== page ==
Strawberry fest offers lots to see and do

By Barbara Grider
Staff Writer
Posted 4/18/07

I have always loved local festivals and one of my favorites is the annual Baldwin County Strawberry Festival held each spring at the beautiful Loxley Municipal Park.

This year’s festival was spectacular, despite the wind and some bad weather …

This item is available in full to subscribers.

Subscribe to continue reading. Already a subscriber? Sign in

Get the gift of local news. All subscriptions 50% off for a limited time!

You can cancel anytime.

Please log in to continue

Log in

Strawberry fest offers lots to see and do


I have always loved local festivals and one of my favorites is the annual Baldwin County Strawberry Festival held each spring at the beautiful Loxley Municipal Park.

This year’s festival was spectacular, despite the wind and some bad weather Saturday afternoon that made the planned fireworks display impossible.

The park is an ideal venue because it offers shade for vendors and visitors alike and because the booths are set up along the park’s meandering walking trail — which also makes it easier to push baby strollers and for wheelchairs. There are always plenty of portable “facilities” throughout the park, as well as hand-washing stations.

Each year, we all look forward to the fresh strawberry shortcake and the chance to purchase fresh strawberries to take home. It’s a wonderful family-friendly event with something for just about everybody.

The addition this year of a Loxley exhibit, with the history of the town in photographs and artifacts displayed inside a replica of one of the potato sheds that used to line the railroad tracks in downtown Loxley, was very interesting. There were also displays showcasing the town’s many businesses, as well as some showing future growth.

Evelyn “Grandma” Driskell and Nadine Lovell were inside the potato shed on Sunday, dressed in period costumes. Their presence added to the fun of looking at the old pictures. An old potato sorter was on display and Driskell explained how the device worked.

As one who loves history, I could have spent much more time in the potato shed, but I had to get out and about and see all the booths because I love art as much as I love history.

The variety of arts and crafts was amazing to see. I fell in love with the unique birdhouses that were made of recycled parts of old houses. In fact, I recognized a molding medallion exactly like the ones on the windows and doors in our Victorian house in Georgia.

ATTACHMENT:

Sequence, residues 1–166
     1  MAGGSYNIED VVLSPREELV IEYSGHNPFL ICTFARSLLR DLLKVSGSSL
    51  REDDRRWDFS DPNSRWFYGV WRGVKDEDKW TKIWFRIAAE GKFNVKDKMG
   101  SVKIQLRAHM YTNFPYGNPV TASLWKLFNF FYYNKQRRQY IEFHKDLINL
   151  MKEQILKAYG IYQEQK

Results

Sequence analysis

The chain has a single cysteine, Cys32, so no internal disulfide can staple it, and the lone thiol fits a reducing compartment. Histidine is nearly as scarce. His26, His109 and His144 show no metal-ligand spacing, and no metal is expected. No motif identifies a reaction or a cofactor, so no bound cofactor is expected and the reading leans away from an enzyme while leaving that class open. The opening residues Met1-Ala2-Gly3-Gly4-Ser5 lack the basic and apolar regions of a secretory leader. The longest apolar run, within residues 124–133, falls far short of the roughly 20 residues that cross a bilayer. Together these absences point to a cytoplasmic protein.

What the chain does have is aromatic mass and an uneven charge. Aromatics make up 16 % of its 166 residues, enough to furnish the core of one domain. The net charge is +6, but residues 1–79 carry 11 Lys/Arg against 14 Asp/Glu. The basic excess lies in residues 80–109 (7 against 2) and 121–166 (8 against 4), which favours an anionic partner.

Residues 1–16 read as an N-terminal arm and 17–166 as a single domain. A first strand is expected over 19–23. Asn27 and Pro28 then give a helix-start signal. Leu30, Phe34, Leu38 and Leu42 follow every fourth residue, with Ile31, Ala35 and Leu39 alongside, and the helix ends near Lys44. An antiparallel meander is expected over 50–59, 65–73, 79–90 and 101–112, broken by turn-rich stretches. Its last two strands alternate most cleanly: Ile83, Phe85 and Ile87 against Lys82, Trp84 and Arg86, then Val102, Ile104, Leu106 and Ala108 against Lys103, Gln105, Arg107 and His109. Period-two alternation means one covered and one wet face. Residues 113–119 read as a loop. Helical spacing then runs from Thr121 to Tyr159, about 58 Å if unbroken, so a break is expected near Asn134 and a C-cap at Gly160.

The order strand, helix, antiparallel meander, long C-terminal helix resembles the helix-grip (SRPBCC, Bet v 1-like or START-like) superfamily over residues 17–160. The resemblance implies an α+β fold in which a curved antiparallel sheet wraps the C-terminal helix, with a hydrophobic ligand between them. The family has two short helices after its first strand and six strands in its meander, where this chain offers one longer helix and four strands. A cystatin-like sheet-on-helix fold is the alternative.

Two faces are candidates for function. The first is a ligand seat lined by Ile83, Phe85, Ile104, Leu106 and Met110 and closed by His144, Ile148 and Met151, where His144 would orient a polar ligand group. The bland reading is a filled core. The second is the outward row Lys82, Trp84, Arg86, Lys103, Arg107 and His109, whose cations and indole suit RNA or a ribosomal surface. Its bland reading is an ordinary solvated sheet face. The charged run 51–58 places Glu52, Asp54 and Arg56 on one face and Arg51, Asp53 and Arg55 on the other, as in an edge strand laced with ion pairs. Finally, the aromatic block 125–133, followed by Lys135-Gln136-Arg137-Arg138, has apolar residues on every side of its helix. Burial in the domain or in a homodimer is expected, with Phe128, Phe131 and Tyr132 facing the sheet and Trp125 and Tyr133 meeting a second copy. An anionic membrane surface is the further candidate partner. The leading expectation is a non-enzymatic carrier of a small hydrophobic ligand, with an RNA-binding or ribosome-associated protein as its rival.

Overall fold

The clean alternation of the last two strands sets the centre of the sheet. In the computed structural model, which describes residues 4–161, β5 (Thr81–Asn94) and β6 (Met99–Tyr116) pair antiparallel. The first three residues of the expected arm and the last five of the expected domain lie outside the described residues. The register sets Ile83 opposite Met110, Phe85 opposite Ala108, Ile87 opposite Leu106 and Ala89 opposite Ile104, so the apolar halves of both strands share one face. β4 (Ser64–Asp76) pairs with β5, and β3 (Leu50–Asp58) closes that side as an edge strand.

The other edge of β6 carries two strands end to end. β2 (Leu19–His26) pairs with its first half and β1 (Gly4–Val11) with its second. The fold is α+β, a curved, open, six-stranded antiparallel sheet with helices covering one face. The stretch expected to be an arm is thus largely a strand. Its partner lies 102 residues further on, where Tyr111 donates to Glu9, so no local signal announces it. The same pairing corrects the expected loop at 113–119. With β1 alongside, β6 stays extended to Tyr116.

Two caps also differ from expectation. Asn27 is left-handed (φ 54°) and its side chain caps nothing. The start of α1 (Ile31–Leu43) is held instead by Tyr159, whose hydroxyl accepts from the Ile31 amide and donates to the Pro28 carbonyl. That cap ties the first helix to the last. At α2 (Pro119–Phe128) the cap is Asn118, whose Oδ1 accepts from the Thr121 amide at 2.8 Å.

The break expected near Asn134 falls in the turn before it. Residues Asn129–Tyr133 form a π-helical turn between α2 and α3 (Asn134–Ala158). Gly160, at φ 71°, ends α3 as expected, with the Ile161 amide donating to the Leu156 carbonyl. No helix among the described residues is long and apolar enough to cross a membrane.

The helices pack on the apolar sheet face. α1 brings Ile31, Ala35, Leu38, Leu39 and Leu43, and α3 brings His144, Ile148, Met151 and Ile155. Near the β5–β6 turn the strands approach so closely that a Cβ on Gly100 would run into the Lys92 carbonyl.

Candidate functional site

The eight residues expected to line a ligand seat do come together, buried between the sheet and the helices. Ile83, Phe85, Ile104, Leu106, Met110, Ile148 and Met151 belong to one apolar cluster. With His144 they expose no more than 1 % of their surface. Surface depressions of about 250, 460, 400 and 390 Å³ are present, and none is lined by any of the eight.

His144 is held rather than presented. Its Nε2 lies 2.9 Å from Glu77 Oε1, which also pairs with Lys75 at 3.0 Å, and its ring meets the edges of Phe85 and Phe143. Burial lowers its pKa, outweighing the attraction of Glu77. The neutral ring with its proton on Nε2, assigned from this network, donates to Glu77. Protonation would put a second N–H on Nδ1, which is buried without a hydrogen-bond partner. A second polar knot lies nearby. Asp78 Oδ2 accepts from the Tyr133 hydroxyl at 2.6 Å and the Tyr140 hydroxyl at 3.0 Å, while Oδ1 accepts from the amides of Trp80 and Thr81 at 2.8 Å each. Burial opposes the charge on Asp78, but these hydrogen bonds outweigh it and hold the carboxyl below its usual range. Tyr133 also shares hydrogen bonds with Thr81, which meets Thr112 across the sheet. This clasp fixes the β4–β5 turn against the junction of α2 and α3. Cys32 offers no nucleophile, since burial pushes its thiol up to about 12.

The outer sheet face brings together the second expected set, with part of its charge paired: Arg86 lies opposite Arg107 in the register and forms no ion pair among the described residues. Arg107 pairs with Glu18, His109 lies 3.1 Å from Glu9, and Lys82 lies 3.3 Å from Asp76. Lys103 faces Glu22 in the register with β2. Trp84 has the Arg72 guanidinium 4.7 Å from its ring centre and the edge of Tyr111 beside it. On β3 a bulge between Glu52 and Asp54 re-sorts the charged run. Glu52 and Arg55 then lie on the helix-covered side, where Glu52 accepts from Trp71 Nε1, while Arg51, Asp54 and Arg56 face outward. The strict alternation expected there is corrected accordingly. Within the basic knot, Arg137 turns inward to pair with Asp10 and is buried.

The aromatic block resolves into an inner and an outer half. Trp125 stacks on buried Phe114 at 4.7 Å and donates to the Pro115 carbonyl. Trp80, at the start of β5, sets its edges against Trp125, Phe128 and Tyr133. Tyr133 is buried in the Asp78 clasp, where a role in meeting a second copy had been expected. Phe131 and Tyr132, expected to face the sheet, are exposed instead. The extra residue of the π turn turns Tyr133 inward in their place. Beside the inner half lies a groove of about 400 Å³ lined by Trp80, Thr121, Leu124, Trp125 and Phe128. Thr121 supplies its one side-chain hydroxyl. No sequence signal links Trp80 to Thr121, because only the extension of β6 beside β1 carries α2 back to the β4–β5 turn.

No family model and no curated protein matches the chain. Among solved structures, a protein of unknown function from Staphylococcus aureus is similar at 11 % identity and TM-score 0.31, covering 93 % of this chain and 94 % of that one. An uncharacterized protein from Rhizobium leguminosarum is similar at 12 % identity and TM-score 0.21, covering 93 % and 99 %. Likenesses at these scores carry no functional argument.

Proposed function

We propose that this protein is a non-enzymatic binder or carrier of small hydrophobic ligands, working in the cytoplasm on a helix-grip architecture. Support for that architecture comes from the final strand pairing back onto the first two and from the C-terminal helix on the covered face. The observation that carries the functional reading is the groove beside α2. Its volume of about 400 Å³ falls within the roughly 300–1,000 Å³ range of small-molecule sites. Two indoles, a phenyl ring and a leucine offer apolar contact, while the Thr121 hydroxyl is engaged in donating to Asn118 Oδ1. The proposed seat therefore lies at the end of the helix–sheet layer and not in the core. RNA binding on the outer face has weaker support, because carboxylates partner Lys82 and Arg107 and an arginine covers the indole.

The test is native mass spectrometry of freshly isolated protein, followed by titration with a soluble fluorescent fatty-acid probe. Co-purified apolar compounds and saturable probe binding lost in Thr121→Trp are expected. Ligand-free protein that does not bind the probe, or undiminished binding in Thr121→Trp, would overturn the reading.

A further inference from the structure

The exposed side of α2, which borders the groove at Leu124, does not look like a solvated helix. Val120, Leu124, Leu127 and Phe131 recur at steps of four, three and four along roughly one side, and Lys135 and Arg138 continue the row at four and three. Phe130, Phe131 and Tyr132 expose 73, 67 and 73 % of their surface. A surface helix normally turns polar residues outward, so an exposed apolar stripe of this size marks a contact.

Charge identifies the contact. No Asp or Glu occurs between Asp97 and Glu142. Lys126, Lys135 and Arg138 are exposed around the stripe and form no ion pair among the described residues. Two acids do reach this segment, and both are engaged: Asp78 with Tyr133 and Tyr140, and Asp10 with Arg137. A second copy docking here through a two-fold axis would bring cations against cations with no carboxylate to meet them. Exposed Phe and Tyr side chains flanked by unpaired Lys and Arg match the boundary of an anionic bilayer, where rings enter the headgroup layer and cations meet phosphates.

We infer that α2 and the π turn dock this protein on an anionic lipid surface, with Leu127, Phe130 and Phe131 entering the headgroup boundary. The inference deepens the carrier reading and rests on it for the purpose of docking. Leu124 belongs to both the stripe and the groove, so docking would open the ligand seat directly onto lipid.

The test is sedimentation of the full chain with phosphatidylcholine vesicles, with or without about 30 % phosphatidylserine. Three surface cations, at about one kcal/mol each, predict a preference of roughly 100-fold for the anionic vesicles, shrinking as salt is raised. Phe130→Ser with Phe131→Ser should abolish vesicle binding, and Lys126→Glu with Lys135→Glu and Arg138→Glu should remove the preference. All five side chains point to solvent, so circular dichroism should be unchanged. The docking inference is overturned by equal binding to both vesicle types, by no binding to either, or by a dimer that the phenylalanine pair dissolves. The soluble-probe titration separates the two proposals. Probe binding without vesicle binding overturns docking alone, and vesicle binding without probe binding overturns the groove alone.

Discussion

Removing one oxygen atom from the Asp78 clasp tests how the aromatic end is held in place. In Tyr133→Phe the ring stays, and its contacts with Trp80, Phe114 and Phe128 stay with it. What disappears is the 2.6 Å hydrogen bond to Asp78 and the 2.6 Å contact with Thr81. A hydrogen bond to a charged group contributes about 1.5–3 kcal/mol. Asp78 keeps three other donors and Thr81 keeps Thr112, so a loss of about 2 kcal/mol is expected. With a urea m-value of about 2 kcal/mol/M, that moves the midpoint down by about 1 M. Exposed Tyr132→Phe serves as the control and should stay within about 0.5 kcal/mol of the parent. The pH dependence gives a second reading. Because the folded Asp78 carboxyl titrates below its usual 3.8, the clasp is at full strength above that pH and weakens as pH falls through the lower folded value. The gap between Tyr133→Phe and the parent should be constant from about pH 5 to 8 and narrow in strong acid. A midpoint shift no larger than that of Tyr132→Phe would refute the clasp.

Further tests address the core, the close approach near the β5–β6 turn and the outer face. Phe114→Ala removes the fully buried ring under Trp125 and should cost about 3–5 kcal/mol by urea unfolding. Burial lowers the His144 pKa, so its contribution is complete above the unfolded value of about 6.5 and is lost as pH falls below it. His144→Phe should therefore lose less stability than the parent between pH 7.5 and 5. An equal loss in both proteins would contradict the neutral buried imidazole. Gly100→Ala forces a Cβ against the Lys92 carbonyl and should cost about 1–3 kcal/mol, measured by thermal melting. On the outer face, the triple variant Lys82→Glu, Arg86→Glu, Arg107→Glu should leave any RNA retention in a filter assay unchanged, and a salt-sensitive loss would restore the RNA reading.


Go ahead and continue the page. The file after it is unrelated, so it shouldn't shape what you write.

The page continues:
The artist had taken old tin shingles and put them on the roofs of the birdhouses. Old doorknobs, the medallions, turned banister spindles and all sorts of other pieces from old houses were used to decorate the two and three-story birdhouses. They were the epitome of “shabby chic” with their peeling paint patina and could easily be used as indoor decorations.

The Crayon Man, Todd Alan, was so friendly and took the time to explain to me how he created beautiful “paintings” with Crayola crayons. My husband loved the portraits of the alligators at Alligator Alley in Summerdale, but I loved one of a south Alabama cotton field ready for picking.

One booth featured scenes painted on old windows and in my mind, I made a display of one of the windows with one of the unique birdhouses. Although I didn’t buy either one, I certainly thought about it!

Saturday and Sunday were windy days and the tinkling of glass and metal wind chimes could be heard over the sounds of happy shoppers and the squealing of children who were on the carnival rides. The smell of fried onions, a warm, happy smell if ever there was such a thing, permeated the air.

One of the things I always look forward to at any arts and crafts festival is the interesting people meet — vendors, visitors and volunteers. This year, I wasn’t disappointed.

Ezell McLain of Orange Beach billed himself as “A World Class Piddler.” He could also have billed himself as “A World Class Storyteller.” He smiled, teased and made jokes as I visited with him, admiring his walking sticks and unusual lamps with electric meters mounted on them.

McLain told me (with a twinkle in his eye) that he feels he was responsible for starting the women’s liberation movement. He said he was on a subway in Japan, right after World War II ended, and noticed that all the Japanese men were sitting and all the women were standing. He said he made the men get up and give their seats to the women! I’m sure THAT was a first in Japan and I told him I certainly thought he could lay claim to changing the way women were treated in Japan.

It was fun to see all the people at the festival that I have gotten to know while covering city government in Loxley. Last year, when I went to the festival to take pictures, I didn’t really know anybody and this year, it seemed that each corner I turned, there was somebody greeting me.

I felt like I truly belonged, not as though I was simply doing my job.

Barbara Grider is staff writer for The Independent. Contact her at